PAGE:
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Some Guiding Principles for Clinical Investigation

Henry K. Beecher, MD
JAMA. 1966;195(13):1135-1136. doi:10.1001/jama.1966.03100130109029.
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Human experimentation takes place in several areas: in normal volunteers, in self-experimentation, in patient volunteers, in patients requiring therapy, in experimentation on patients not for their direct good but for the welfare of patients in general. There are ethical problems in all of these categories. The most difficult ones appear in the last area mentioned, and it will be considered first, for in large part guides there also apply to the less difficult areas.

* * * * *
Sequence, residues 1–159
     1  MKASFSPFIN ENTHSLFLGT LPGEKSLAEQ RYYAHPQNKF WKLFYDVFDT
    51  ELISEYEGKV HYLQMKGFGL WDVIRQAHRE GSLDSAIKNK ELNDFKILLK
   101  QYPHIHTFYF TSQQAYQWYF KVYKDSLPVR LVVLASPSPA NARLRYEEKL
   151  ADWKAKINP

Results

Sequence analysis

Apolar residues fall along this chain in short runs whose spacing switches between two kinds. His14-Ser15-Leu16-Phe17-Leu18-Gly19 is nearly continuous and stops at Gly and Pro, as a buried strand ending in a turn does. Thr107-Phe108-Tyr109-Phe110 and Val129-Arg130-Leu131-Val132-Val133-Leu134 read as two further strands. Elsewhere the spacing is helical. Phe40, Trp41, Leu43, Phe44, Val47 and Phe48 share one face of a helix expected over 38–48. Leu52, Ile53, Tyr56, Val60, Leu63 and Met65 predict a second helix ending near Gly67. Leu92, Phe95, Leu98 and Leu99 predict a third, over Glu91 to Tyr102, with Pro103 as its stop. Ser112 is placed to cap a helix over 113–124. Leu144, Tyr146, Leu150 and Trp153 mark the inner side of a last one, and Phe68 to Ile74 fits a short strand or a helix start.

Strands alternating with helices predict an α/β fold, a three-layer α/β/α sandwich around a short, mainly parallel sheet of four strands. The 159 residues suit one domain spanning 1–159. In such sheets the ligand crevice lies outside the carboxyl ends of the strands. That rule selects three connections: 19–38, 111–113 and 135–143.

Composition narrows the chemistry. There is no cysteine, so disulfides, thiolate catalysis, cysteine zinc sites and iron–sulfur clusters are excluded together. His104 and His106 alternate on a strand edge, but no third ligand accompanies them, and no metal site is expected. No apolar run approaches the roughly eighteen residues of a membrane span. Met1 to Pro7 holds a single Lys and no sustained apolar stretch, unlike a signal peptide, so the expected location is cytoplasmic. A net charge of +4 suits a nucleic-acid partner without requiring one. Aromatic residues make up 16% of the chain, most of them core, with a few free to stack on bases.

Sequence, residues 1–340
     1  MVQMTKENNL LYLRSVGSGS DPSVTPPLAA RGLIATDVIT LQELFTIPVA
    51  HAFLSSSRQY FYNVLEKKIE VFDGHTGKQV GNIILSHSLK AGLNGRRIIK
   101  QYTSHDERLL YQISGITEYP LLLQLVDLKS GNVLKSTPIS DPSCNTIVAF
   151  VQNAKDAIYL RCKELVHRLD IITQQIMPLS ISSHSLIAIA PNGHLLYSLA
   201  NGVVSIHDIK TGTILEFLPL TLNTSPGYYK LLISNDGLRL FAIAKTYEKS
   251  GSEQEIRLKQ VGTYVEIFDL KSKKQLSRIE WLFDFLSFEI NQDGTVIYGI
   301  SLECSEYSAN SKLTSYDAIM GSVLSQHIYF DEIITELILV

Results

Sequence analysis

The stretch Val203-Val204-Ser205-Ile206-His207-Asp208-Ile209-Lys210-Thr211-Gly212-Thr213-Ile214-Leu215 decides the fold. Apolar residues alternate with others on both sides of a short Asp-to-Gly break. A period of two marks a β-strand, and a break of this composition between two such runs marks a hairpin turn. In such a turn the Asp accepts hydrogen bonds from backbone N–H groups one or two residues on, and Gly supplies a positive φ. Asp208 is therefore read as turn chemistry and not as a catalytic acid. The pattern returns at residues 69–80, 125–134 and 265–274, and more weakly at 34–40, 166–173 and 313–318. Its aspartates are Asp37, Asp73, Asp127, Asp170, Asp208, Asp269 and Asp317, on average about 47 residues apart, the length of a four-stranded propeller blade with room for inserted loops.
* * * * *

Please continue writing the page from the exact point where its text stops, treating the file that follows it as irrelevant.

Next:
Experimentation for the Benefit of Others, Not for the Patient Involved  Rigid codes which attempt to give detailed instructions to govern research are to be avoided. It is not possible to outline all contingencies; the consequent shortcomings when revealed during work invite legal action.Insofar as it is possible, it is essential to get the informed consent of the patient involved prior to study. It must be recognized that in any complete sense this often is


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